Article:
• Bloomer Park, Rochester Hills, MI

  • Racing the Provincial's Crit 2014

  • Forest City Velodrome - London, ON

  • Larkenville Challenge, Buffalo, NY

  • Winning the Sprint at the ForestCity Velodrome

  • Track Nationals 2014: Keirin

  • Track Nationals 2014: Points Race

  • OCUP #1: Feb 2015


First, I would like to say the information I am about to present is largely anecdotal. I have no scientific evidence to suggest that the claim I am making is true, but it does explain an issue I have encountered. I postulate that excess coffee consumption negatively affects athletic endurance. 

My Story

Over the last few months, I have been having difficulty finishing bike races I would otherwise do well in. This includes races at the Forest City Velodrome in London, ON, the Midweek Crit in Mississauga, ON, and the Larkenville Challenge in Buffalo, NY. Nevermind, a poor performance down in Georgia at Speedweek. I was getting spit out the back in races I should have finished with the pack. Part of the issue has been mental: I've not really wanted to race this season, so there have been times I just dropped out of a race. However, when I wanted to finish, I found that I could not. Two weeks ago, in Buffalo, I lasted 30 mins in the 65min race because I had nothing left: literally. The following Tuesday at the Midweek Crit, the same thing happened. Around the 30 min mark, I was blasted. Both races averaged 43km/h but I've done Midweek last year when it averaged 45km/h. This should not have been hard, but for some reason it was. With Midweek, I used to be able ride to work, ride to the race, do the A and B races, and ride home without issue. 100km in a day with a race in the middle. For some reason, this year, something changed. It is the "what" that changed I could not figure out. All this sudden inability also played havoc on my will to race. I was losing interest. Then, I a friend ask me: what changed? And, I got to thinking.

This year I went to Florida for two weeks for a training camp to get back on the road bike and "learn" to get comfortable riding on the road again. The next step: learning how to race the road bike again. It might seem a bit silly to say, but after 6 months of indoor training and racing on the track, it's almost a "new" experience to race on the road again, having to deal with gears and brakes, corners and hills, etc.. For me, the transition back to road is always a hard one. For the track, I ride and train at the Forest City Velodrome all year around, so I've gotten to the point I can pick that back up without hesitation. Top it off that I make it a point to go to Bloomer Park and race the 200m track there in Rochester Hills, MI and the Cleveland Velodrome during the summer, and track almost comes natural to me. My confidence is built back in 20 mins of training. For road racing, it takes a few races to my confidence back. In my mind, Speedweek - 5 races in 7 days - is an excellent way to get that confidence back racing in sunny and warm Georgia and South Carolina.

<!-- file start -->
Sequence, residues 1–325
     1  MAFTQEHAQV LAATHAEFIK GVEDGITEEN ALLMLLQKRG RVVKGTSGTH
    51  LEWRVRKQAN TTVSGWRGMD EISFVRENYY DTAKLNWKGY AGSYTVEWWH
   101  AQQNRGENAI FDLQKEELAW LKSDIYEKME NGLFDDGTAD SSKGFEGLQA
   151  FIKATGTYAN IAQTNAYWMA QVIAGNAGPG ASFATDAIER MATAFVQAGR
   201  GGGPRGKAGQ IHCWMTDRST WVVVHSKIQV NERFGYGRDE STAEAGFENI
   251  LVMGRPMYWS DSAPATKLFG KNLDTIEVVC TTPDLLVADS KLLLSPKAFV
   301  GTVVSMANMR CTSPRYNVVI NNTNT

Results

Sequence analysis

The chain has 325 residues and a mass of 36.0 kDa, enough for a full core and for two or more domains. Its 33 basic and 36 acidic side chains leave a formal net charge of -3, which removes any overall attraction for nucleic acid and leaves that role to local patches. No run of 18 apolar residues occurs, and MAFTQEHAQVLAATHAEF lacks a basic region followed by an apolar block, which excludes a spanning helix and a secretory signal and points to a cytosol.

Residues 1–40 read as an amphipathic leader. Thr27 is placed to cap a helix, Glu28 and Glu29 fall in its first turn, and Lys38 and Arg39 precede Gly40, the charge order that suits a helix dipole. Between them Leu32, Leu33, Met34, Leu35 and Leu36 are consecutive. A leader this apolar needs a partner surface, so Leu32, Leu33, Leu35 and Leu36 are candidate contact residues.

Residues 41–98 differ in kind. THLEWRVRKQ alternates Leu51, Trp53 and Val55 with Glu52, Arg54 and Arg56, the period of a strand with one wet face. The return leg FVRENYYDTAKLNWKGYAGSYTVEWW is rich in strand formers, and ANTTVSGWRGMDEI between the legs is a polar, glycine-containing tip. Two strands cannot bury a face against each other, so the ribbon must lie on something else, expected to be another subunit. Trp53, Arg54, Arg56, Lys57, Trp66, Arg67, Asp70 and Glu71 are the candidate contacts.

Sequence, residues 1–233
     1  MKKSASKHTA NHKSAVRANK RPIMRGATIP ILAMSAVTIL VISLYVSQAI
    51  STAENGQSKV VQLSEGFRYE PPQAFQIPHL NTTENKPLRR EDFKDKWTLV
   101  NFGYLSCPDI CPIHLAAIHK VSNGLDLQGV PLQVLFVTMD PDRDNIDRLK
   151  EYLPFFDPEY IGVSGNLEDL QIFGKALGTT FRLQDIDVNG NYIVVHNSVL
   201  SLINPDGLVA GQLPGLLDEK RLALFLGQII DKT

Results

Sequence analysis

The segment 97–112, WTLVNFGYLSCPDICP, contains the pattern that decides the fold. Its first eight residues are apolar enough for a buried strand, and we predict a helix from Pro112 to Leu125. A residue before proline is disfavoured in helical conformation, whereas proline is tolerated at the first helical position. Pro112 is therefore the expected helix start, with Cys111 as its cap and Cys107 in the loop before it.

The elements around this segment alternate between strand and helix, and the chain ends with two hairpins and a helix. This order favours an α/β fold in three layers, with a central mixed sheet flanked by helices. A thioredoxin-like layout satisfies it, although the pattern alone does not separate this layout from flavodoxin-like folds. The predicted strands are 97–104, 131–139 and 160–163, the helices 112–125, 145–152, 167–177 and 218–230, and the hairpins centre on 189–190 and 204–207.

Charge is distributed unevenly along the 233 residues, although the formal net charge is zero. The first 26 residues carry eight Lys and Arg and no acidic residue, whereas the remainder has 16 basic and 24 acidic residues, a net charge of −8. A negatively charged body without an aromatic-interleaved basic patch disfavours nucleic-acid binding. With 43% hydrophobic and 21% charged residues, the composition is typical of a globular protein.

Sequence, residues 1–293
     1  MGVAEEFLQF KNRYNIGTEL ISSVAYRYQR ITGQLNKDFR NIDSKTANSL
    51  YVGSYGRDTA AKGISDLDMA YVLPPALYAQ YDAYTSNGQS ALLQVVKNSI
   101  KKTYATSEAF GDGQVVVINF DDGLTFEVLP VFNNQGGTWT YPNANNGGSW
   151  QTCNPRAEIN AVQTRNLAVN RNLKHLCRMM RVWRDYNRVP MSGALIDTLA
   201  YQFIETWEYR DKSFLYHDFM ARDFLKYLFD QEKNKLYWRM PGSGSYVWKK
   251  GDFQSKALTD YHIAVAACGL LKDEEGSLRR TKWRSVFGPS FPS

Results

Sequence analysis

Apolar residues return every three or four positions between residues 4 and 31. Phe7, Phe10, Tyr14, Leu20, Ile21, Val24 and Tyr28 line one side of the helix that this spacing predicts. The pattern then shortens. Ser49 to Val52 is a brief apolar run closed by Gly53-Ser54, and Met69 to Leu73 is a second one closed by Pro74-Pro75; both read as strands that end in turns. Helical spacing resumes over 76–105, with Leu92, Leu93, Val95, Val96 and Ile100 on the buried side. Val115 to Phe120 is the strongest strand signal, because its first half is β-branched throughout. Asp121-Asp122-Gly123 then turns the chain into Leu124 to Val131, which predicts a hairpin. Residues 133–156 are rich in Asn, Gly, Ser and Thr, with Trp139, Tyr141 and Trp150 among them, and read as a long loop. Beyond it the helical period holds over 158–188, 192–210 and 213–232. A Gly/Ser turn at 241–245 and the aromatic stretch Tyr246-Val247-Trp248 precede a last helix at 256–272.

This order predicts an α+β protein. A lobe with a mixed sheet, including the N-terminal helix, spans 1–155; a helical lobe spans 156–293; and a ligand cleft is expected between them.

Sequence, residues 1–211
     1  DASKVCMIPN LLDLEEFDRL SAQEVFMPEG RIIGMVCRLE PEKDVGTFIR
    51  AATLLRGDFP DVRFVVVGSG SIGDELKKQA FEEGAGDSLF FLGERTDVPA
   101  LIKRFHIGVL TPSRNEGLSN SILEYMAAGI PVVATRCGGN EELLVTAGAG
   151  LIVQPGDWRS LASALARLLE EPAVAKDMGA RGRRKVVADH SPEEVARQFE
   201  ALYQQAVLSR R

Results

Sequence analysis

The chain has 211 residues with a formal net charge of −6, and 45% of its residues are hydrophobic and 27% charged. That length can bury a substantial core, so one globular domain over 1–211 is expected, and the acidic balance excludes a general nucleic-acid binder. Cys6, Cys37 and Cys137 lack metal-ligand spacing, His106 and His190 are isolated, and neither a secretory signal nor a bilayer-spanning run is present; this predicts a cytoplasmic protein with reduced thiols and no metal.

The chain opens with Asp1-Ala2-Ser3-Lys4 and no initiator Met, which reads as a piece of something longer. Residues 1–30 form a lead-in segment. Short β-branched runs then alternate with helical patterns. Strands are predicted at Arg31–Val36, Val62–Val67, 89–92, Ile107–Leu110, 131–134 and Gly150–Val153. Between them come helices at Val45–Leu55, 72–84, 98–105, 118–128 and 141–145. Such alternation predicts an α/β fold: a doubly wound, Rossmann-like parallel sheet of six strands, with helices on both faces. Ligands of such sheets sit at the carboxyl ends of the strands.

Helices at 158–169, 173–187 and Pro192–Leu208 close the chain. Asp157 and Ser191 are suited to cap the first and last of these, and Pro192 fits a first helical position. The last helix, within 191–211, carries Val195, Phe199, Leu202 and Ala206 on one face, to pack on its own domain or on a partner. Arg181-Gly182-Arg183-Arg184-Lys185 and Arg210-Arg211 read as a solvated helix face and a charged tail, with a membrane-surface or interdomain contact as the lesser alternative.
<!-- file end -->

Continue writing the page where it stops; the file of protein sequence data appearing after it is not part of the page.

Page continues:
I would like to first thank my generous supporters on the GoFundMe campaign. The campaign was as much a way to raise funds as a way to test out GoFundMe for a possible campaign for track worlds in a few years. I would also like to thank Ed Veal and Jessica Puddifant for putting me up on the couch of the condo they rented. Without them, I probably would not have gone. Also, thanks to Jon Maloney and Deirdra MacCallum for being there at the start line. Having someone to go to the start makes things much easier. That said, we were only able to do a Speedweekend. Next time, I hope to bring a group of racers down. Committed individuals who see Speedweek the say way I do: Crit Goon Training Camp.

I am sure my opinion will not be shared by all. First, let us start with saying bike racing is dangerous. I can remember almost six years ago doing the Midweek Cycling Club learn to race program and have Jeff Archbold standing up front before the start of the first night and saying: "You will crash. Get over it". There is no way to make it safe no more so that driving a car is safe. On the highways, one has to practice defensive driving. One has to anticipate the stupid moves of other drivers and know how to react.

The problem with racing, at least in the master ranks, is everyone has the notion of "safe racing". This does happen when it does happens because the same guys race together over and over again and get to know each others skill and fitness levels. However, add some unknown riders, new riders , gravel on the road, rain, etc. into the equation, and safe racing does not happen. Gaps happen. Wheels get crossed. Bars connect. Sh*t happens. Because most masters only race a few races a year and are more concerned about their FTP then skillfully handling a bike, no one gets "good" a bike handling. So, when things get a bit "sketchy" (ever heard that muttered at a race before?) they have no idea what to do. I can remember the first time being coached by Ed Veal, elite racer now on the national team, and complaining about these races: his words: "get over it". I've never complained about a race being sketchy since.


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